When asked to confirm which parts of their firm's technology infrastructure is currently outsourced, nearly three quarters said website design and services, up from five per cent in 2014. This was followed by printer repair/maintenance (49 per cent) and spam/virus fil tering (40 per cent). Medium-sized firms were the most likely to out-source website design/service, at 44 per cent, compared to only 17 per cent of large firms.

Data security is an increasingly important issue for respondents. Security software and assessments ranked sixth among respondents' technology purchases last year and fifth among their planned purchases for next year.

Indeed, security management was named as the biggest challenge facing legal IT departments, replacing email management for the first time in eight years. Close behind are information governance and risk management/compliance.

Improving data security is considered more of a priority among large law firms than medium-sized or small law firms, the research suggests.

However, 28 per cent of all respondents said their firms do not have a bring-your-own-device (BYOD) policy, a key security measure.

Among the firms which do have a BYOD policy, only 28 per cent said their policy covers laptops - a key tool through which lawyers work remotely. Less than three fifths (59 per cent) said their BYOD policy covers tablets, while 71 per cent said it covers smartphones.

Many firms do however appear to have concerns regarding the security of cloud-based platforms. Three fifths said that less than 25 per cent of their firm's software and service solutions would be cloud-based within the next one to three years.

Improving lawyers' technology proficiency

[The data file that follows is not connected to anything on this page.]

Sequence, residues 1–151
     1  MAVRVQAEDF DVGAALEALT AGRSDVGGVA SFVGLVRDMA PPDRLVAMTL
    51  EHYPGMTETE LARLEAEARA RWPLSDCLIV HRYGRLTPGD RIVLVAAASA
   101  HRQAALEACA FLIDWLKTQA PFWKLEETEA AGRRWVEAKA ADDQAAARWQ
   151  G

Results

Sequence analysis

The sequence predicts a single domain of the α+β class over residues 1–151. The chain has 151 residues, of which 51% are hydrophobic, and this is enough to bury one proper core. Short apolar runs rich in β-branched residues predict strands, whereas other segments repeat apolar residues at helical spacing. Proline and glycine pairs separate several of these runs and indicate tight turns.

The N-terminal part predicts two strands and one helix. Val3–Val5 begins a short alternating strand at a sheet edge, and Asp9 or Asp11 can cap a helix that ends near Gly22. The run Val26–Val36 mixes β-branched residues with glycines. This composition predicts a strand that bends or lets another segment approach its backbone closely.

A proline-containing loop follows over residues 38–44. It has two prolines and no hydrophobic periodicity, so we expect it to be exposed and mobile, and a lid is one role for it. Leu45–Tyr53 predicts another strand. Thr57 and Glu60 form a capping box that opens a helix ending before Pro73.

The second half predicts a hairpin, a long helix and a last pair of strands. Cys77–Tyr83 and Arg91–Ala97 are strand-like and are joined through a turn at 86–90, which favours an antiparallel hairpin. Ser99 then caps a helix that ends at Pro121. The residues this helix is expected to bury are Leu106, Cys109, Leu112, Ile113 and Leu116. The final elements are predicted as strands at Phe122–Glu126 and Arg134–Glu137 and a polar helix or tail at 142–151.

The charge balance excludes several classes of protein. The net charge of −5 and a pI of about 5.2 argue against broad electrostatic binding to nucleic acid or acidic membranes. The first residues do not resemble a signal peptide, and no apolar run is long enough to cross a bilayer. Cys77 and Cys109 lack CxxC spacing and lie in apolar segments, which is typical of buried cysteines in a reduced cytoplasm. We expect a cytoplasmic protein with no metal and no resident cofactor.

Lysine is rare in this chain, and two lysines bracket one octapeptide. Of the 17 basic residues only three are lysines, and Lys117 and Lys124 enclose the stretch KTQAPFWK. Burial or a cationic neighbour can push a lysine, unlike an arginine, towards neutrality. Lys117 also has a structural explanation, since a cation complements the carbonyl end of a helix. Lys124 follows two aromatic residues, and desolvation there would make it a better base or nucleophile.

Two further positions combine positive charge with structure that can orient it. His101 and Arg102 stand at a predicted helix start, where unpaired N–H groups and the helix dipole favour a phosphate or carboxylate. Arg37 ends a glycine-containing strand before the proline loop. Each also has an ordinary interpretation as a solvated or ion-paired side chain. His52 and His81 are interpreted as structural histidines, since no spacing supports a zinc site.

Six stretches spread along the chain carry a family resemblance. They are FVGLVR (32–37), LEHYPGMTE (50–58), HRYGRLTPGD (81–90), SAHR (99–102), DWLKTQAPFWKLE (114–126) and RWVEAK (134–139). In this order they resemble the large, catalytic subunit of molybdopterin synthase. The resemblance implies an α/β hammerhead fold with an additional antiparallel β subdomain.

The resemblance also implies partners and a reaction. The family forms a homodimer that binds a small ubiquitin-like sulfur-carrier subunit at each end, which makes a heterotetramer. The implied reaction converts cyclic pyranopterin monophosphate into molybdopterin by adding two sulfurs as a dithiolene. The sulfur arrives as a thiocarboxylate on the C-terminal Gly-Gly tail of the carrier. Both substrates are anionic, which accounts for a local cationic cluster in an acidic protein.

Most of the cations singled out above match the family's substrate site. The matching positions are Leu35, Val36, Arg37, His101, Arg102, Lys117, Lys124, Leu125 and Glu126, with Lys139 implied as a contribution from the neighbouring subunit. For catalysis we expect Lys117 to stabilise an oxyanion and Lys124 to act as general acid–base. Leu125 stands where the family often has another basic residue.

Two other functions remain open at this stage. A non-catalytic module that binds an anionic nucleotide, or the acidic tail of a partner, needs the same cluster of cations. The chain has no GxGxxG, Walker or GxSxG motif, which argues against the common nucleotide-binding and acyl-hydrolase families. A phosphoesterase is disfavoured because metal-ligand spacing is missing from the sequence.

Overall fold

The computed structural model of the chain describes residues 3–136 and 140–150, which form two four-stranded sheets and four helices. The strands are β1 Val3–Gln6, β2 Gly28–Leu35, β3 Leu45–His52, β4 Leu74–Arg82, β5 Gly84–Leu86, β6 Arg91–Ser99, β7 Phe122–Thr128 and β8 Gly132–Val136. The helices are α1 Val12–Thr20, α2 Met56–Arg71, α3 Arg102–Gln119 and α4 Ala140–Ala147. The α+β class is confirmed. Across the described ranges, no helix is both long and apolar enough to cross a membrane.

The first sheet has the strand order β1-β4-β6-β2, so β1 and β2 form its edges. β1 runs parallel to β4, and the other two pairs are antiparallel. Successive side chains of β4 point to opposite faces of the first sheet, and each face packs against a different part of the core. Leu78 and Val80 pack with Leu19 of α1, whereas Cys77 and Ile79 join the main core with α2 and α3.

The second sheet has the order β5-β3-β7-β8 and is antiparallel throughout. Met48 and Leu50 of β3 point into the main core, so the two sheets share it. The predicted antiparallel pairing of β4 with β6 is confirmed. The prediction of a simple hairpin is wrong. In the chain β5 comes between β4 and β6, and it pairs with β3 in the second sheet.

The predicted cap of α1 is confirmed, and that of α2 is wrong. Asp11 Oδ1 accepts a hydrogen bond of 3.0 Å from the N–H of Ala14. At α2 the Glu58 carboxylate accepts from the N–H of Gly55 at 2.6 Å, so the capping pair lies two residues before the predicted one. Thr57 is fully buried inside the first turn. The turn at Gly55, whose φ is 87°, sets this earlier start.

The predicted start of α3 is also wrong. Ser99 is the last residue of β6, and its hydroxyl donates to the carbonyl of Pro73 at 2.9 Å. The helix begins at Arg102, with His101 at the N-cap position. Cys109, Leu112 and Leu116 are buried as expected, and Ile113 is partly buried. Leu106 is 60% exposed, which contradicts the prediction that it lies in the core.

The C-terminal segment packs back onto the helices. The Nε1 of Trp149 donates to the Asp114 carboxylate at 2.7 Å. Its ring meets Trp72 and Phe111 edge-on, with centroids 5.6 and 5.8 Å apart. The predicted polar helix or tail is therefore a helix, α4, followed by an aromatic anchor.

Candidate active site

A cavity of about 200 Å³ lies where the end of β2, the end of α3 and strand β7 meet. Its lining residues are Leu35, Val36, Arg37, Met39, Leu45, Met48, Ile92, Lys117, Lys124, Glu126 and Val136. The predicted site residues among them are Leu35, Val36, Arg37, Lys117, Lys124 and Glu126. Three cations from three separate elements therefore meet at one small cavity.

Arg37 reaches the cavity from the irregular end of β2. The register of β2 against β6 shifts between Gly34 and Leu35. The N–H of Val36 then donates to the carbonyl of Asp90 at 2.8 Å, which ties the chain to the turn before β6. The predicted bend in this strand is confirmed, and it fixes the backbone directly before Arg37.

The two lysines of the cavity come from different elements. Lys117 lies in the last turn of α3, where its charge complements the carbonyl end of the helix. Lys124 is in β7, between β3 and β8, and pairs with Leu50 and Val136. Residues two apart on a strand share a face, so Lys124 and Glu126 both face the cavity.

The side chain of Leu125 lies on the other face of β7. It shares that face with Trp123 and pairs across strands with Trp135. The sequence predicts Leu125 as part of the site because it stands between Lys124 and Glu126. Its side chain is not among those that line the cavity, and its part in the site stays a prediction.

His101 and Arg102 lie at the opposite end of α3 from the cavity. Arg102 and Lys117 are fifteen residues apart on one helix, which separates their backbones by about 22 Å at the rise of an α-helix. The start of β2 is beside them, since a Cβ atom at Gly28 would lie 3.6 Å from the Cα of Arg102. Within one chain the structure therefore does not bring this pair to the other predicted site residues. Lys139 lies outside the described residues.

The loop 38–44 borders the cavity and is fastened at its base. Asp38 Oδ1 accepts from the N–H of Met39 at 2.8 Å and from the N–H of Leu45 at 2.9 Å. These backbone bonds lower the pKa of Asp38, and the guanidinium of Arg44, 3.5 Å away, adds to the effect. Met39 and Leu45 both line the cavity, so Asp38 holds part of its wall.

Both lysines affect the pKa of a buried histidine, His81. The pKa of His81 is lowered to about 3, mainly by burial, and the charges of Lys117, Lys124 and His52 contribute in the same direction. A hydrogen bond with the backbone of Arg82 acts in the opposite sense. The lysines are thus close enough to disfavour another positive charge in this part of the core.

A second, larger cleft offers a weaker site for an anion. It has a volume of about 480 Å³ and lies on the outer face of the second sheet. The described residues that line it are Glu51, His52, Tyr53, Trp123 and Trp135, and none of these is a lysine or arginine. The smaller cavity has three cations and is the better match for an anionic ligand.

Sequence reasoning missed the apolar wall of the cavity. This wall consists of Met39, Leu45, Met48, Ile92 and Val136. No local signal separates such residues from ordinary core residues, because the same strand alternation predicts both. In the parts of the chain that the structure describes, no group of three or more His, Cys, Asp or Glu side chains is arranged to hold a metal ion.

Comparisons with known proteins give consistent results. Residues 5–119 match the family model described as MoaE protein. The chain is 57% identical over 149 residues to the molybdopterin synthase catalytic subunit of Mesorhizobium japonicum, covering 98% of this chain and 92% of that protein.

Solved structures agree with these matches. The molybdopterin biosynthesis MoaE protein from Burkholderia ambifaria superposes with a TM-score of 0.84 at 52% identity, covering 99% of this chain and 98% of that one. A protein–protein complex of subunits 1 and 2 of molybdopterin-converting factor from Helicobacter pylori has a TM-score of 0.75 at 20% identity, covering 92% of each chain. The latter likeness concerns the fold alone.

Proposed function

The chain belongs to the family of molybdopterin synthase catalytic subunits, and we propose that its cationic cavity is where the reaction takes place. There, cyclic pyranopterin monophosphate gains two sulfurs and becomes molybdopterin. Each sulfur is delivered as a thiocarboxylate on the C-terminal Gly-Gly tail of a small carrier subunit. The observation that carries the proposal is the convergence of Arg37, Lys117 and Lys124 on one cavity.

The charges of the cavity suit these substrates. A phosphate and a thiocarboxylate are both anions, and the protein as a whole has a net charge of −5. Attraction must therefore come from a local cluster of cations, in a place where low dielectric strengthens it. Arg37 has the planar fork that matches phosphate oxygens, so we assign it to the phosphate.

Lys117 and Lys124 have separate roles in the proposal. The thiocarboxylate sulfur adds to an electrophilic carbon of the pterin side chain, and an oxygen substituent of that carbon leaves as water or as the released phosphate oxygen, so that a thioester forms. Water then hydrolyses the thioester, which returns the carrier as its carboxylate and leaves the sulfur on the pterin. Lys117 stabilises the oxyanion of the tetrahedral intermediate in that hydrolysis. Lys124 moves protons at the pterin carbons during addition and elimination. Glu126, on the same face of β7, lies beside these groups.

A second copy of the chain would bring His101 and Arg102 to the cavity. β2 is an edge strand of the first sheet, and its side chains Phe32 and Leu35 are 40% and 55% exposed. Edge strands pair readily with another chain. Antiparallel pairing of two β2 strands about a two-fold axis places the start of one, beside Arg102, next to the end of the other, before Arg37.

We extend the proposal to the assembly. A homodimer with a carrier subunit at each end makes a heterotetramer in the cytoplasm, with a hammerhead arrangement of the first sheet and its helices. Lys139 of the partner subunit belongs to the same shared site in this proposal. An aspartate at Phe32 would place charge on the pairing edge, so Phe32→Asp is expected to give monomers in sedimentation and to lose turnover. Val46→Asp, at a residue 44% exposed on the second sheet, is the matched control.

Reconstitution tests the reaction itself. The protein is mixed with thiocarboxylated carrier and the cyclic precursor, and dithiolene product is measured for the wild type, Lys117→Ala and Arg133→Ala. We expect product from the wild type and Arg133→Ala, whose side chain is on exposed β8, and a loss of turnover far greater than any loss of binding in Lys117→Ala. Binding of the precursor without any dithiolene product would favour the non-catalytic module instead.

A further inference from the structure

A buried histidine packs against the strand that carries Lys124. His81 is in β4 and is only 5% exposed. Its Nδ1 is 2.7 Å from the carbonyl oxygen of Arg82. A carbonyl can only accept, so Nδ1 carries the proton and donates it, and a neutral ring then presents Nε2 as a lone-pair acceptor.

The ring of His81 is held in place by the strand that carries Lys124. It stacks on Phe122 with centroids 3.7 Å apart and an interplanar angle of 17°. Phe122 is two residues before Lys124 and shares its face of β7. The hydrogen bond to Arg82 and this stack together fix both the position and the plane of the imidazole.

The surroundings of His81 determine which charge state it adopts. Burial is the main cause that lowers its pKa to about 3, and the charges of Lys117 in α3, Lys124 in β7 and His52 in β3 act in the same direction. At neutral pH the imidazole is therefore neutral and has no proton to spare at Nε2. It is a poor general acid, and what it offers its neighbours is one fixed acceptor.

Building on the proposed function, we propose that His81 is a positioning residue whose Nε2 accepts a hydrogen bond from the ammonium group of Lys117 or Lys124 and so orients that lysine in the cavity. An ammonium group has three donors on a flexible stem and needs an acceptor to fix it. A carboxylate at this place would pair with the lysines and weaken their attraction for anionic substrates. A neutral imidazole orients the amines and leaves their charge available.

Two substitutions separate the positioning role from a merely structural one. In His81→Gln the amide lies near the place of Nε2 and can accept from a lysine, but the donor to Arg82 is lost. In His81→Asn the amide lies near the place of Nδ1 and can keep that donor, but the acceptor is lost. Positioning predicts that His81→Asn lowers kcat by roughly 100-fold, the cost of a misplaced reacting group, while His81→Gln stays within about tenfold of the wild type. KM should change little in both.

Research released by Managing Partner in early February 2015 found that persuading lawyers to use new technology would be the biggest IT challenge of 2015.

Clearly, changing lawyers' attitudes towards new technology will be critical if firms are to survive in future.

The 2015 ILTA/InsideLegal Technology Purchasing Survey included the new question 'How are you addressing users' technology competence and proficiency?'

"We added this question in 2015 due to all the recent attention focused on attorneys' technology proficiency and the overall desire to have a more tech savvy and 'tech prepared' law firm user base," the report says.

The survey found that survey respondents are offering lawyers additional application-specific training (61 per cent) as well as new training models and delivery mechanisms to better suit user needs (44 per cent).

Nearly a quarter (24 per cent) said they are not addressing the issue at all, among which 63 per cent are from small firms.

Additional responses included developing in-house professional development accreditation, hiring additional in-house trainers, evaluating third-party vendors to provide web-based and e-learning solutions, and linking technical proficiency to compensation.

Among all respondents, 57 per cent said their firms spend between two and four per cent of total revenues on technology. Within this range, medium-sized firms represent the largest group, at 49 per cent.

Seventy-seven per cent of respondents spend less than US$17,000 on technology per lawyer, including 100 per cent of small firms. Eighty-six per cent of large law firms spend more than US$17,000 per lawyer on technology.